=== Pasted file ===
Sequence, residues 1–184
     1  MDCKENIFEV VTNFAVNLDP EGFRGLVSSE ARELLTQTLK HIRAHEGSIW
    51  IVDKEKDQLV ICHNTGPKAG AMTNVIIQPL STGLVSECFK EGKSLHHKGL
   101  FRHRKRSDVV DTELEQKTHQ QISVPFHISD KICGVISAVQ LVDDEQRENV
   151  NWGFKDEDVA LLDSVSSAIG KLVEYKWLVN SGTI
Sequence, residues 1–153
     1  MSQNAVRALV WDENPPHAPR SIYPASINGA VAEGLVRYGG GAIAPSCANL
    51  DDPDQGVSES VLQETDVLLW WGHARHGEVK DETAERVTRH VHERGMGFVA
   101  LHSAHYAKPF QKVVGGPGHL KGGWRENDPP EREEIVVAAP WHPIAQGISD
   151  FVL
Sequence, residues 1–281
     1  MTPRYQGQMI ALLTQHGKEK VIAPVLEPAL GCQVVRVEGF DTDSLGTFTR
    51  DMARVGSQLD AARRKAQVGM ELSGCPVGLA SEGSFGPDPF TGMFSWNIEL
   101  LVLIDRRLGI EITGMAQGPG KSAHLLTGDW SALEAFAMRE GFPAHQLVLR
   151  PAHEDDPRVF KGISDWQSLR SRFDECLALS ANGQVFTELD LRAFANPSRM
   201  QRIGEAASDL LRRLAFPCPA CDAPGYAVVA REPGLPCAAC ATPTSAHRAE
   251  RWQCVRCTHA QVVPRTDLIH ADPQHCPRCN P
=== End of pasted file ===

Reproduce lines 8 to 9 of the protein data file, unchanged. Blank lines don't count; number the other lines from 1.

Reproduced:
    51  DDPDQGVSES VLQETDVLLW WGHARHGEVK DETAERVTRH VHERGMGFVA
   101  LHSAHYAKPF QKVVGGPGHL KGGWRENDPP EREEIVVAAP WHPIAQGISD